Calissa Writes

I see, but do I perceive?

Discrimination met with fatherly support can reduce heart attack risk in LGBT youth, says study

Dr. Danielle Weitzer reports on the impact of fatherly support on LGBT health. The story is about new research from New York University. Discrimination faced by LGBT young people can lead to higher risks of a heart attack, while fatherly support can remedy that risk. Dr. Stephanie Cook, senior author of the study and assistant professor of biostatics and social behavioral sciences at New York University, says support from fathers in the lives of LGBT people should be more focused on. The research studied CRP, which can be measured in the blood to find out heart risks, while observing discrimination and support. Connections were found between discrimination and inflammation. Support from the father buffered the effects while maternal support did not.

The story is strangely ordered. The article begins with quotes by one of the researchers from New York University, before moving into background, then moving into more quotes about the importance again. The quotes by the researcher are split by the background. It seems like it would have made more sense to start with the background then move into the quotes all in the same section. The article uses the term “sexual minorities” to describe people who fall under the LGBT umbrella and it makes my skin crawl. The term feels like the word “homosexual,” which has a connotation of abnormality as that is how it was referred when it was considered a mental illness. Weitzer uses LGBT youths in the title, so she had another option. The usage of “sexual minorities” makes the article feel like it is not for anyone who is LGBT.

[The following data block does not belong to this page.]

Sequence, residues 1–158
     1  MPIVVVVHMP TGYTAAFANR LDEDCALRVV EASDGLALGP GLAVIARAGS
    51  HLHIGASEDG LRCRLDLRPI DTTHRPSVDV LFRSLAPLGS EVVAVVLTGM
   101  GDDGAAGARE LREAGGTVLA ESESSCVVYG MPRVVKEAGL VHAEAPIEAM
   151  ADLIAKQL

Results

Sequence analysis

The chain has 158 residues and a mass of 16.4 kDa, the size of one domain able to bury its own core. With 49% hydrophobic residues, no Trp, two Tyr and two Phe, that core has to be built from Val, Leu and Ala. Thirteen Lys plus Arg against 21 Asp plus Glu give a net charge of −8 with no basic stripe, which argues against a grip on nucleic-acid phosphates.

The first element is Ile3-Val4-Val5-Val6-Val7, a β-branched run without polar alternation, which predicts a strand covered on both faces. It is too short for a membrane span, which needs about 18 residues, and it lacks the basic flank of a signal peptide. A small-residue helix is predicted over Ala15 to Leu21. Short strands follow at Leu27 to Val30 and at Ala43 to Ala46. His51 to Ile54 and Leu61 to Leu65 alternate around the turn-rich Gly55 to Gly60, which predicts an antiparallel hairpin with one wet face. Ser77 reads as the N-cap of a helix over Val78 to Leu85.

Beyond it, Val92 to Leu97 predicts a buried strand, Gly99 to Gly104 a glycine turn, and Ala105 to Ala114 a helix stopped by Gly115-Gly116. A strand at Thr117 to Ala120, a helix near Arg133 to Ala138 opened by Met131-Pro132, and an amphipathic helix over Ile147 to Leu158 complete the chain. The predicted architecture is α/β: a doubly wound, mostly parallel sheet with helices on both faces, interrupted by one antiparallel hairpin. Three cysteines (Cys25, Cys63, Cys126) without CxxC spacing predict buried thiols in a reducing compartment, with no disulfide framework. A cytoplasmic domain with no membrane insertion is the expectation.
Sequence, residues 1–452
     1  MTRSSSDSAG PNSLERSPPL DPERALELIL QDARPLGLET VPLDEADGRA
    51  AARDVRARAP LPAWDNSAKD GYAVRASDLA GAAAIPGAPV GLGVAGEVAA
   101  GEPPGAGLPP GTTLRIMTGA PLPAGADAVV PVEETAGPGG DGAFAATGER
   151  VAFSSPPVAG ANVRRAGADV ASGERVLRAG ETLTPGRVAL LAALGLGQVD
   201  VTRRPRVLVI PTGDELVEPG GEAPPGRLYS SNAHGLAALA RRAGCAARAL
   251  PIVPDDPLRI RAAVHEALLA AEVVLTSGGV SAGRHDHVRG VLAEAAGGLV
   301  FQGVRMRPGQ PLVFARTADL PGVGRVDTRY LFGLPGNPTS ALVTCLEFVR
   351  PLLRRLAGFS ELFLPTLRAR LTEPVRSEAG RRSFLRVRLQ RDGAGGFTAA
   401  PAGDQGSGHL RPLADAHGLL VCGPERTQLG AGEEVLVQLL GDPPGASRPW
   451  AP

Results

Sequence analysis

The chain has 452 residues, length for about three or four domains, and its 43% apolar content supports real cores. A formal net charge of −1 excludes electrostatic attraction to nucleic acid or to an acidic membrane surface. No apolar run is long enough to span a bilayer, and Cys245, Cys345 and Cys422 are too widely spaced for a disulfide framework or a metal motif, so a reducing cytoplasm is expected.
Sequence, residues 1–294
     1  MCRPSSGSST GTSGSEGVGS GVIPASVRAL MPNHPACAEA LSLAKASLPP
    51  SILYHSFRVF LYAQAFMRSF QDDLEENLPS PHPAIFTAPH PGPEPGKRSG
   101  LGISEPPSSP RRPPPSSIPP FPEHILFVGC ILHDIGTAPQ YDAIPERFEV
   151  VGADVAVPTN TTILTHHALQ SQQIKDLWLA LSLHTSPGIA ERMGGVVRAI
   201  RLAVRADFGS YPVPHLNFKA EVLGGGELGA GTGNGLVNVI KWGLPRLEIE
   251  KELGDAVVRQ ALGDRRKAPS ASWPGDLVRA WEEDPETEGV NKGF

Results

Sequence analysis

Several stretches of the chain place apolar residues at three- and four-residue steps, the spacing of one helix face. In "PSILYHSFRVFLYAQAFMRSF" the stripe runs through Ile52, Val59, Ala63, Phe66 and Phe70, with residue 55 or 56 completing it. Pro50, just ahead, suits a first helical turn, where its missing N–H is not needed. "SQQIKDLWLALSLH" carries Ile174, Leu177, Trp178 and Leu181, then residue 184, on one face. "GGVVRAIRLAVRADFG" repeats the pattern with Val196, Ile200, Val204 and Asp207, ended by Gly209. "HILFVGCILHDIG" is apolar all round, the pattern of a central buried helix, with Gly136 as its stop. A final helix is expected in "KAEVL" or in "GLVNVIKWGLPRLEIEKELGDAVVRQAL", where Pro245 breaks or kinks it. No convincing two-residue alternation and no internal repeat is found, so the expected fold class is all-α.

1 Comment

  1. You may be right about the order of info, Calissa, but there may be an easy explanation: Science.

    When the article gets into the specifics of the study, the science is going to put off a lot of readers. By beginning with some quotes and context, a reader may be encouraged to stick around.

    I don’t think I have run across the term sexual minorities before. You have a point.

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